Prayer for spiritual needs are answered

Kisongo Trek Resource

Another great Psalm that leads us to prayer is Psalm 79. It starts with lament, moves into supplication and then there is prayer for vindication, forgiveness and reprisal and finally ending in praise for God responding.

Lord, will you be angry with us forever?
    Will your anger continue to burn like fire? – Psalm 79:5 GNT

I love that the writer did not ask why there was trouble but rather the question of how long must they suffer. It is the question that moved them from lament to prayer.

Turn your anger on the nations that do not worship you,
    on the people who do not pray to you. – Psalm 79:6 GNT

Doesn’t this make sense – why pick on me? Why not the ones who are really out of line? Hear us the prayerful, and mess around with the prayerless.

Do not punish us for the sins of our ancestors.
    Have mercy on us now;
    we have lost all hope. – Psalm 79:8 GNT

The urgency of the prayer was the acknowledgment that there were generational sins involved. I need to make this my prayer and make it a continual prayer. 

The concept of former iniquities suggests a principle. “Sins accumulate against nations. Generations lay up stores of transgressions to be visited upon their successors; hence this urgent prayer.” – Spurgeon

The Book of Common Prayer has this verse sounding like this –

O remember not our old sins, but have mercy upon us, and that soon; for we are come to great misery.”

I have never called on God in regards to His honour, but I like it when I read this prayer here. One day I might have too.

Help us, O God, and save us;
    rescue us and forgive our sins
    for the sake of your own honor. – Psalm 79:9 GNT

I will try to wisely use it understanding it will be my greatest weapon when I am in battle with the evil one. In fact, is not the name and honour of God the mightiest weapon I have when it comes to prayer?

“Prayer is therefore here made by the faithful, that God, not to gratify any vindictive spirit of theirs, but to vindicate his own attributes, would break the teeth of the oppressor, and work a public and glorious salvation for his chosen.” – Horne

There is something about God watching over me that gives me joy in the midst of my troubles.

I watch over it and water it continually. I guard it night and day so that no one will harm it. – Isaiah 27:3 GNT

In fact this idea comes from Jesus teaching on delivering me from evil and I know He hears for His is the power. For this reason I have courage when I pray today.

We have courage in God’s presence, because we are sure that he hears us if we ask him for anything that is according to his will. He hears us whenever we ask him; and since we know this is true, we know also that he gives us what we ask from him. – 1 John 5:14-15 GNT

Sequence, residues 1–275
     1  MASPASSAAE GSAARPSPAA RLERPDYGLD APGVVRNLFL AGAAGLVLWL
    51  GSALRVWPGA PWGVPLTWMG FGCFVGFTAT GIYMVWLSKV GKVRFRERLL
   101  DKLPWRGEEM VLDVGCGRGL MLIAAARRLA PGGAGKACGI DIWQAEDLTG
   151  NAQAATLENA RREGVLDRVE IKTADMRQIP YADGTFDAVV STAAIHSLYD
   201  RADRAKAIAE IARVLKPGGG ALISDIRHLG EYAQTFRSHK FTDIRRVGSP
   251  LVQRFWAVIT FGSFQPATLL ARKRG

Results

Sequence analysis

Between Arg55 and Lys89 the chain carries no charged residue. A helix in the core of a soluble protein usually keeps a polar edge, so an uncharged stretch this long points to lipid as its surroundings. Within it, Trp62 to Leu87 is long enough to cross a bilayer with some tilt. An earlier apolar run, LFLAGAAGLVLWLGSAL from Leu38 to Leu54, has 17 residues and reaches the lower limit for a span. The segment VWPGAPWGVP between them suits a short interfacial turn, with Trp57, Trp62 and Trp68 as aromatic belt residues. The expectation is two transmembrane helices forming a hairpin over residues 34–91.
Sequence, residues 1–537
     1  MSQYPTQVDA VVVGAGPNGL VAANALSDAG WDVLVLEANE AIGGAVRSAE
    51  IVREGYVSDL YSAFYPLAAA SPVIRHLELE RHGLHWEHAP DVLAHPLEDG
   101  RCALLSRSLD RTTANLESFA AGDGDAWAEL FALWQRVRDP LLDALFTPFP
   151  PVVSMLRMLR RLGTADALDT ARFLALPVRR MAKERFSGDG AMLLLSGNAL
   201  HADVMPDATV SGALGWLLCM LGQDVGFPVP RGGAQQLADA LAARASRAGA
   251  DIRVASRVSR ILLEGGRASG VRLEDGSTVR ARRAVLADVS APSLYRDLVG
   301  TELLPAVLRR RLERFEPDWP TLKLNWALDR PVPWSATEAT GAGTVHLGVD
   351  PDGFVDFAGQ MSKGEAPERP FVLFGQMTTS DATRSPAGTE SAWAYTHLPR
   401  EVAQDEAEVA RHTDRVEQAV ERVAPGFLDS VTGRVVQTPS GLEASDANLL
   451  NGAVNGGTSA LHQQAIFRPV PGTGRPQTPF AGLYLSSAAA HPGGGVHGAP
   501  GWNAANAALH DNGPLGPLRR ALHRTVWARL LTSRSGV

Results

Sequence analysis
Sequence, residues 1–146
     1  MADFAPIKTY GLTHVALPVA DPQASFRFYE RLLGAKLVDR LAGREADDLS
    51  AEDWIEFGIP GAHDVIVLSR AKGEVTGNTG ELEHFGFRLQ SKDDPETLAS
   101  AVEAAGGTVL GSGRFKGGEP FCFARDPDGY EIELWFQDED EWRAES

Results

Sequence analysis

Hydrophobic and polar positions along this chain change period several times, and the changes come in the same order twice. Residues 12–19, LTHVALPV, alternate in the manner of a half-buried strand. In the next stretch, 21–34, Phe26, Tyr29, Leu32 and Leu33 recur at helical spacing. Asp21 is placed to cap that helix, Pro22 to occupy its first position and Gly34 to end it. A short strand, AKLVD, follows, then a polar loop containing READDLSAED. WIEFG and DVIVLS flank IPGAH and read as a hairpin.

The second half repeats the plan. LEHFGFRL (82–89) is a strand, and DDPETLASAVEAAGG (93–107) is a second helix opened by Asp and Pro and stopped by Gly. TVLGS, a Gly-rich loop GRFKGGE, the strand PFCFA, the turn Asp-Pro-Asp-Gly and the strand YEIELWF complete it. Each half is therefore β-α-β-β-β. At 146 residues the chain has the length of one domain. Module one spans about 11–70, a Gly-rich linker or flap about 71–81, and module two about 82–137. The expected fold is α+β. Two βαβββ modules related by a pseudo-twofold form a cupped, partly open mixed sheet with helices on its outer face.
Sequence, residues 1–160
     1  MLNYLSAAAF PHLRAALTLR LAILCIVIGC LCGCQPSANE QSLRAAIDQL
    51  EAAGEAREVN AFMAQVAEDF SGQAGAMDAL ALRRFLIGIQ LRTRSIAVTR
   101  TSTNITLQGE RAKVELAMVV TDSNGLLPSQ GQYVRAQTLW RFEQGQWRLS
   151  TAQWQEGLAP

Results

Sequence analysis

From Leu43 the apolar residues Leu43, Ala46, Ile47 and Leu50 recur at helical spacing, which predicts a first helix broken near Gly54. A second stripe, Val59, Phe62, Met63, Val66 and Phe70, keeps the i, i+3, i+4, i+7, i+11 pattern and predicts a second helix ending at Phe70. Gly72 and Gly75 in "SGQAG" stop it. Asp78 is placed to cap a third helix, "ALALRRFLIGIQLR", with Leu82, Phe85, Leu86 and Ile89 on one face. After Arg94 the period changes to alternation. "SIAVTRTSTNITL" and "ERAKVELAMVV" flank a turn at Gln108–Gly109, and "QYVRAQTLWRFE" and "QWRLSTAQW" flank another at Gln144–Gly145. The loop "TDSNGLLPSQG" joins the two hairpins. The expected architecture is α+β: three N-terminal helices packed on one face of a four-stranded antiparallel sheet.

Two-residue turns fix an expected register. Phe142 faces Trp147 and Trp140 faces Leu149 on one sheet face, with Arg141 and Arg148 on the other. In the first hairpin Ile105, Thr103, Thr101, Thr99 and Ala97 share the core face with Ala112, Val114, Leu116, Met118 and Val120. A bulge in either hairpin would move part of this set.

My courage comes from the assurance of eternal life. I am not sure that one could pray according to the will of God except that they would be in a place where they have already prayed asking God to save them from their sins.


Isn’t this why prayer is not optional – it is absolutely essential for if I do not pray then I am not living by faith in God. And if I do not pray, I am trusting in myself, which is no difference to what the world is doing.

  • This promise means I can have courage when I approach God in prayer
  • This promise means I come into His presence when I pray
  • This promise means I can ask anything according to His will and He will hear me
  • This promise means that I know He hears me and I will receive from Him the requests that I have asked from Him

Here is a truth I know to be real – I must ask according to God’s will. Only when I do not know God am I not seeking God’s will in prayer. Prayer is not talking God into giving me what I want, it is rather me submitting my will to His.

Maybe the big question is, how do I determine what God’s will is? And the next difficulty to overcome is how can I pray according to God’s will when His ways are not even my ways – I am thinking in ways that make sense to me. Ask John when it came to the death of his brother James. James died, yet Peter was rescued from the same fate. Notice Jesus did not pray that Peter would be able to resist the evil one’s attack, as I would have, He prayed rather that Peter’s faith would not fail and that he would be restored.

Prayer is what I do even when I do not understand God’s will or ways. I should be praying for God to give life to whose who are separated from Him.

If you see a believer commit a sin that does not lead to death, you should pray to God, who will give that person life. This applies to those whose sins do not lead to death. But there is sin which leads to death, and I do not say that you should pray to God about that. All wrongdoing is sin, but there is sin which does not lead to death. – 1 John 5:16-17 GNT

Prayer is essential in the restoration process.